Importing library

import pandas as pd
import numpy as np
import matplotlib.pyplot as plt
import seaborn as sns
from sklearn.model_selection import train_test_split
from sklearn.discriminant_analysis import LinearDiscriminantAnalysis
from sklearn.datasets import make_classification
from sklearn.metrics import ConfusionMatrixDisplay,precision_score,recall_score,confusion_matrix
import warnings
warnings.filterwarnings('ignore')

Reading the data

df=pd.read_csv("/content/drive/MyDrive/Datasets/heart.csv")
print("no of rows=",df.shape[0],"\nno of columns=",df.shape[1])
df.head()

There are a total of 14 features including the dependent variable “output”. This data is related to the prediction of chances of having a heart attack.

Preparing data for training

X=df.drop('output',axis=1)
y=df['output']
X_train, X_test, y_train, y_test = train_test_split( X, y, test_size=0.30, random_state=42)

Split the data in train and test with a ratio of 70:30 respectively. The shape of the train and test dependent and independent variables data is shown above.

Fitting LDA with data

LDA = LinearDiscriminantAnalysis()
LDA.fit(X_train, y_train)
LDA_pred=LDA.predict(X_test)

The model is now trained on the training data and it has predicted values using the test data. Let’s see the performance factors for the precision of prediction.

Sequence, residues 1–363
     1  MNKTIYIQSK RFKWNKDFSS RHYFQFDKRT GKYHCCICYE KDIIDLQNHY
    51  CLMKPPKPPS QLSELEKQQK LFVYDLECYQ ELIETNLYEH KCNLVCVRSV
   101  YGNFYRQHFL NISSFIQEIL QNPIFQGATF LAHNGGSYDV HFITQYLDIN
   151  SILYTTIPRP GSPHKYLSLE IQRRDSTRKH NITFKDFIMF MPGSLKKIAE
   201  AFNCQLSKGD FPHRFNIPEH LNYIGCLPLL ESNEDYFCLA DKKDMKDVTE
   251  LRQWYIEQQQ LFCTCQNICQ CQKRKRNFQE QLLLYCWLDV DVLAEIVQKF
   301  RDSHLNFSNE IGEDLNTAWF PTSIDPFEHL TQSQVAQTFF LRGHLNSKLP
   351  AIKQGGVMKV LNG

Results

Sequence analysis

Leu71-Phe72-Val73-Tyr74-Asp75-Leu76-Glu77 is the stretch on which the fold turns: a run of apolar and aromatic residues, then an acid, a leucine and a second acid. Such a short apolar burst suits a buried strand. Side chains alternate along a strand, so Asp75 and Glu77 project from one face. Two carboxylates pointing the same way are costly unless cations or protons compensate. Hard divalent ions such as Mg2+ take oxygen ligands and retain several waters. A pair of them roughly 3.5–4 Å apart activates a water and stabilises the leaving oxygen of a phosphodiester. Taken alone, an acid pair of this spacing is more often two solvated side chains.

Creating Confusion Matrix

tn, fp, fn, tp = confusion_matrix(list(y_test), list(LDA_pred), labels=[0, 1]).ravel()
 
print('True Positive', tp)
print('True Negative', tn)
print('False Positive', fp)
print('False Negative', fn)
 
ConfusionMatrixDisplay.from_predictions(y_test, LDA_pred)
plt.show()

With help of the above confusion matrix, we can calculate the precision and recall score. We will be using the precision score for this problem because it is the positive predicted value so in this case, the positive is how many patients are suffering from a heart attack.

Calculating precision score

print("Precision score",precision_score(y_test,LDA_pred))
Precision score 0.82

Our model has a precision of 82% in predicting the patient is suffering from a heart attack. This score is not good because in medical-related problems the model needs to be 99% confident about the decision. So, for improving the model performance the goal is to reduce the False-negative and False positive which is also known as type 1 and type 2 error respectively. In this case, we should focus more on False-negative reduction because they are those patients who are or will be suffering from a heart attack but the model has classified them as negative (non-heart attack patients).

Final verdict

Linear Discriminant Analysis uses distance to the class mean which is easier to interpret, uses linear decision boundary for explaining the classification and it reduces the dimensionality. With a hands-on implementation of this concept in this article, we could understand how Linear Discriminant Analysis is used in classification.

References

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Sourabh Mehta
Sourabh has worked as a full-time data scientist for an ISP organisation, experienced in analysing patterns and their implementation in product development. He has a keen interest in developing solutions for real-time problems with the help of data both in this universe and metaverse.